FEBRUARY 3, 1997

 The Edwards Agency

Opinion

Guest Column

Bothell 'yes' vote will provide essential police services

new police HQ by John Curtin, Mayor of Bothell
The city of Bothell is asking voters for a permanent police station. The city already owns and has acquired options on one-half of the property across from City Hall and will acquire the balance of the needed property and construct a new police station if the voters say "yes" on Feb. 4, 1997, to construct a new Police and 911 Communications Facility.
   The City Council has carefully analyzed the site across from City Hall and agree that its central location provides easy access by the public, that it is centralized for coordinated service delivery and vehicular access, and that it makes a continued commitment to the safety and economic development of the downtown area.
   The city is asking specifically for $9.7 million, which amounts to an annual cost to Bothell property owners of approximately 38 cents per $1,000 of assessed valuation. An average Bothell homeowner with a $150,000 home would pay approximately $4.69 per month for a public safety facility to provide essential police services for the community.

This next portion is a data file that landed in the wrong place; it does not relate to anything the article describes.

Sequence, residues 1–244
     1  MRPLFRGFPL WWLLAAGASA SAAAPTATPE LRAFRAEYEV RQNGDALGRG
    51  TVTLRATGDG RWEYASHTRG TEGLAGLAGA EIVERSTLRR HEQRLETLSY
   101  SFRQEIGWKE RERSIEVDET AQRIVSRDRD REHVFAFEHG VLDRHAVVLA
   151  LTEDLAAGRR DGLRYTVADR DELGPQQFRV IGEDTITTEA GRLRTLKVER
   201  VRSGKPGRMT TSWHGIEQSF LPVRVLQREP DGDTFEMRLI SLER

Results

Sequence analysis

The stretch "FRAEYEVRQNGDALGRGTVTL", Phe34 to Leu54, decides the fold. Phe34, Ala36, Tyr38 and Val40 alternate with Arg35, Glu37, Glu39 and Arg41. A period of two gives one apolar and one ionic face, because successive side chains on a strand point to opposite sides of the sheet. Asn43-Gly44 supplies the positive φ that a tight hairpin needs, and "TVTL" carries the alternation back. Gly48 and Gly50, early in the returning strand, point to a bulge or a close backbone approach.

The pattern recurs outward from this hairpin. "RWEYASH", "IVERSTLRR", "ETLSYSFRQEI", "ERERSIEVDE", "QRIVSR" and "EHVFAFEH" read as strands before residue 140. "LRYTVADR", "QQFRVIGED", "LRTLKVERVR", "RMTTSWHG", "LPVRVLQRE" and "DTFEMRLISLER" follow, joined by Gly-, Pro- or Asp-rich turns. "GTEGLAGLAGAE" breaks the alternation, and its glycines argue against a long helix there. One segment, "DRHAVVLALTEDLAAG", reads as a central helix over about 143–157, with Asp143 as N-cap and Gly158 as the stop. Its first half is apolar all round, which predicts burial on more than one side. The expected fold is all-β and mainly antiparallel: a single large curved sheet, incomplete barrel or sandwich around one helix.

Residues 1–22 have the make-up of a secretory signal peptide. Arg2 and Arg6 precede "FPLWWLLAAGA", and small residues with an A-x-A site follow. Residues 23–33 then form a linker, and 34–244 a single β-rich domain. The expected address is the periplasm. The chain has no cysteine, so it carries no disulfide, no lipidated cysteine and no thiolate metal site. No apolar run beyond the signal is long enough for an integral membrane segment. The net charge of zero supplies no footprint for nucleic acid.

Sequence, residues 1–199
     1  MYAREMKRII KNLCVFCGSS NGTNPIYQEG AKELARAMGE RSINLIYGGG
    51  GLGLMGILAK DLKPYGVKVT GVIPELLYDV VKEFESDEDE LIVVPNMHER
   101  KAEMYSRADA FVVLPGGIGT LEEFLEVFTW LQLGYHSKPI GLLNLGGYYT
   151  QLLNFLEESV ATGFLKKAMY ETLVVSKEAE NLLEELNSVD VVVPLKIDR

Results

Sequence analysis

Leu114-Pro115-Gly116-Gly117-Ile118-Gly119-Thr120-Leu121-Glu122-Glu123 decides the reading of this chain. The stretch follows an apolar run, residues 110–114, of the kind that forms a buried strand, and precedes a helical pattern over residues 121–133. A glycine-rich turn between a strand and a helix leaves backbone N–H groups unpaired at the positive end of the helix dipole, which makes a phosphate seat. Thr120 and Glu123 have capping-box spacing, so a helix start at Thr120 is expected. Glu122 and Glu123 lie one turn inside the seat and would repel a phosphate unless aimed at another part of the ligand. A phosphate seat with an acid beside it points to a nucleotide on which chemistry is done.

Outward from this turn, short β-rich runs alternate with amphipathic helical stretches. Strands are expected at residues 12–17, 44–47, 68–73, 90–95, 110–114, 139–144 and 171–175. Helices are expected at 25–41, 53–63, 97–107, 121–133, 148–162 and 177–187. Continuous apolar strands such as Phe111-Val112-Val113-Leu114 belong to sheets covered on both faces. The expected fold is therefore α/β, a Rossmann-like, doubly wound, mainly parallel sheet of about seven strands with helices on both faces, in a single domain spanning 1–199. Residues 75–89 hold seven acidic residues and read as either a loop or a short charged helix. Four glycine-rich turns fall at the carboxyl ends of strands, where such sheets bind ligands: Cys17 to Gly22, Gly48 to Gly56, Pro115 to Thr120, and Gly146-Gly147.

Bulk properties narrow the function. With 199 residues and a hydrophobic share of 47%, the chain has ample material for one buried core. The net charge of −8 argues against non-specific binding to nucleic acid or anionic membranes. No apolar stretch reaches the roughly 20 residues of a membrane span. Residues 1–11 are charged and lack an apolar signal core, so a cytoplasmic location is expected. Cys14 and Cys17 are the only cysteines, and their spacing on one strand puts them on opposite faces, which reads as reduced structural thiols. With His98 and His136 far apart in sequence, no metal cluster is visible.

Prior to 1973, the Bothell Police Department was located in the basement of City Hall. From 1973 until 1987, the Police Department was located in Bothell's old Post Office building across from City Hall. The Police Department remained there until the roof and south wall began to cave in and the building was deemed unsafe and unstable. That building has since been torn down, and is now a parking lot for City Hall.
   In 1987, "temporary" office space in the Quadrant Business Park was leased. Ten years and $1.2 million dollars in lease payments and tenant improvements later, it is time for a permanent and safe police and emergency 911 communications center to be built.
   If the voters say "yes," the city will begin the design process immediately, and if it is cost-effective, a court will be included in the construction in 1998. Voter approval of the 20-year bond will be an essential improvement to the community and will set this issue of being "temporary and unsafe" to rest. It is time to act.